June 5th 2004


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Articles from this issue:

EDITORIAL: Time running out for Marriage Act

CANBERRA OBSERVED: Is Howard Government running out of time?

CRIME: Drug trade behind police corruption

DRUGS: Needle exchange programs: the facts

OPINION: Shuffling deck chairs on the gay 'Titanic'

QUARANTINE: Pork producers appeal to the Federal Court

AGRICULTURE: Dairy farmers fight for survival

SOCIETY: Gen X foots bills for baby boomers

PAKISTAN: Behind Pakistan's economic revival

TAIWAN: President Chen's olive branch to Beijing

STRAWS IN THE WIND : More than a sandwich and a milkshake / Golden Goose / Surfing the Sunday soufflés

CO-OPERATIVES : Lessons from Mondragon

EDUCATION: Dumbing down our schools

COVER STORY: Mitsubishi - counting the cost of closure

Britain and the Arabs (letter)

Australia's sovereignty (letter)

Standards in education (letter)

BOOKS: CARL SCHMITT, By Paul Gottfried

BOOKS: THE MAN WHO DIED TWICE: The Life and Times of Morrison of Peking

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TAIWAN:
President Chen's olive branch to Beijing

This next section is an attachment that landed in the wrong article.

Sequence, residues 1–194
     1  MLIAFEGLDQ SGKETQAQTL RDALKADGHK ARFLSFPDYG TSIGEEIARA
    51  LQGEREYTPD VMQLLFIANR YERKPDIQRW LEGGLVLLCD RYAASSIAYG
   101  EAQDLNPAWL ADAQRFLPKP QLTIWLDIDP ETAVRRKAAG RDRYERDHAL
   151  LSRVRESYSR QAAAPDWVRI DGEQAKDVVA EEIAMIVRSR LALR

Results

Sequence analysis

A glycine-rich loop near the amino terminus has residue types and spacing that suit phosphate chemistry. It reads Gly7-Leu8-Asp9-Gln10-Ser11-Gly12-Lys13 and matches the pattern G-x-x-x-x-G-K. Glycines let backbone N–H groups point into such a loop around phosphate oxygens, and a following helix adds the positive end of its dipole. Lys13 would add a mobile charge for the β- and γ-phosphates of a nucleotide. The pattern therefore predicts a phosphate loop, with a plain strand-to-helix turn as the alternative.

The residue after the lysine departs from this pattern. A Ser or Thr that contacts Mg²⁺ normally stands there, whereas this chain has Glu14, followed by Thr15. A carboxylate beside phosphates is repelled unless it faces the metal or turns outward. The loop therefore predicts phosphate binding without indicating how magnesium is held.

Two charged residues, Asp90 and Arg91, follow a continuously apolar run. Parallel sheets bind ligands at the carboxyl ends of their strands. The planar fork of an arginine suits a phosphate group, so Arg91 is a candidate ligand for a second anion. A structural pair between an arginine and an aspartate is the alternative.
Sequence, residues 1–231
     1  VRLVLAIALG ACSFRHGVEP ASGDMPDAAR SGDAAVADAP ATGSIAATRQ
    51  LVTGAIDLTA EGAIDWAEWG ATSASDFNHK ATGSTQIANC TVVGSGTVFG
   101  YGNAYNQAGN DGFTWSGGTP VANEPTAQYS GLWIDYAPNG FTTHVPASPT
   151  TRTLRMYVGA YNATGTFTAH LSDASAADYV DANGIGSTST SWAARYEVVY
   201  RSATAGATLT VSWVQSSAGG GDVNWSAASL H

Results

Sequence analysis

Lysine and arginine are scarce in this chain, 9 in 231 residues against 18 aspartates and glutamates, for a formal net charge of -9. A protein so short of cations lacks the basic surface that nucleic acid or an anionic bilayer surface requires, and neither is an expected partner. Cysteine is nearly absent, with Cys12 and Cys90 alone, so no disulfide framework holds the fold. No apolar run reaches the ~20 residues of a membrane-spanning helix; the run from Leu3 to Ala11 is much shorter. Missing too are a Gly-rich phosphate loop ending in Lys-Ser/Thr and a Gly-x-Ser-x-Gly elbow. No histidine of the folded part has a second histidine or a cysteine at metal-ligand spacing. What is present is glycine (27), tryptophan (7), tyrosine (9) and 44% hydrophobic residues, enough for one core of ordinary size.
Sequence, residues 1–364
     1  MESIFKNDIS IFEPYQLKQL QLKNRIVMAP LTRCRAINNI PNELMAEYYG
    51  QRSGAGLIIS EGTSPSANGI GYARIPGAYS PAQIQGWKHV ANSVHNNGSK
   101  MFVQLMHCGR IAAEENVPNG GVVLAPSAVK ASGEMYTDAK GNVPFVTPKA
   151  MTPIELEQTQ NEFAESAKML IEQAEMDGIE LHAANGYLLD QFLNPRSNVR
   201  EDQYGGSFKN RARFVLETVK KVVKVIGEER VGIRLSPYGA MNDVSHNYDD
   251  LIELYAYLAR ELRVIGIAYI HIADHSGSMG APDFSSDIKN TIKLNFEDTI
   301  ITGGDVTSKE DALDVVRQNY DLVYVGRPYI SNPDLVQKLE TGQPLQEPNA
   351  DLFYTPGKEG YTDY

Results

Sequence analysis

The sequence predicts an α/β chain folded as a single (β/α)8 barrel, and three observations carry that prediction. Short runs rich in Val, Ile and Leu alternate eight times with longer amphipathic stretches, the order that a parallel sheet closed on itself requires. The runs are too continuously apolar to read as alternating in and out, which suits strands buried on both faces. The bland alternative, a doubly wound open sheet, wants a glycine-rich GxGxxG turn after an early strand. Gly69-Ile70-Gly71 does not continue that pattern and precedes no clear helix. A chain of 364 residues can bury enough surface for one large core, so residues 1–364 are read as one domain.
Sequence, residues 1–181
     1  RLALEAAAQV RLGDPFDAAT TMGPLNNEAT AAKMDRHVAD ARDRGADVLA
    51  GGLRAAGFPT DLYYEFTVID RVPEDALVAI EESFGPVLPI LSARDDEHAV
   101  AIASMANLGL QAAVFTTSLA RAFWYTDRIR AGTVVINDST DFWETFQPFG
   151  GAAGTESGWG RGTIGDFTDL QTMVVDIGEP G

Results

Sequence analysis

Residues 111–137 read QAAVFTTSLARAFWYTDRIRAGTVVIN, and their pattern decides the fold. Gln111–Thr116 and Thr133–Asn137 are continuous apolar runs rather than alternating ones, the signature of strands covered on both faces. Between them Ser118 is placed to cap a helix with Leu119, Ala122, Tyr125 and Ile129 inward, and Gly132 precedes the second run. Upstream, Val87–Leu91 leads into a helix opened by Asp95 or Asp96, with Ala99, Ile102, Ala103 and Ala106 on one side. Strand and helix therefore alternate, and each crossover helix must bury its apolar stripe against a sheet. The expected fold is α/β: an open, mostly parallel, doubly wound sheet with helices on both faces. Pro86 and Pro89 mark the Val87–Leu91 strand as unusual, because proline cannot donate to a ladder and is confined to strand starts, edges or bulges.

by Jeffry Babb

News Weekly, June 5, 2004
Taiwan's President Chen Shui-bian was inaugurated for a second four-year term on May 20. President Chen, whose father was a poor farm labourer, rose from poverty to lead Taiwan, through sheer hard work and intelligence.

In his inauguration speech, Chen attempted to put to rest some of the controversy that dogged his recent presidential election campaign by reaching out to mainland China and the people of Taiwan - while taking into account the pro-independence faction that looks to him for a decisive break from the mainland.

What President Chen says and does is important, because the Taiwan Strait is an international flashpoint that could embroil the whole of Asia - and Australia too. Australia, however reluctantly, is likely to be dragged into any conflict between Taiwan and mainland China by virtue of the fact that the United States is the guarantor of security in the region - and Taiwan's in particular.

"Two countries"

Chen is too smart to spell out any notion of independence for Taiwan but he upholds a principle of "two countries on each side of the Taiwan Strait" as the basis for negotiation with Beijing.

Why does this talk of independence so rile Beijing? When the victorious Communists took charge of mainland China, the Nationalist government under President Chiang Kai-shek shifted its seat to Taipei. This was intended to be only temporary - and the Nationalist government, under President Chiang, fully expected to return as the government of all China. Chiang and the Nationalists never renounced their claim to be the government of all China - not only Taiwan. For many years the official seat of the Nationalist government was Nanjing in south China, not even Taipei.

While the Kuomintang, or Nationalist Party, was in power, the government in Beijing and the government in Taipei could agree on one thing: that China was one country and that it would eventually be unified.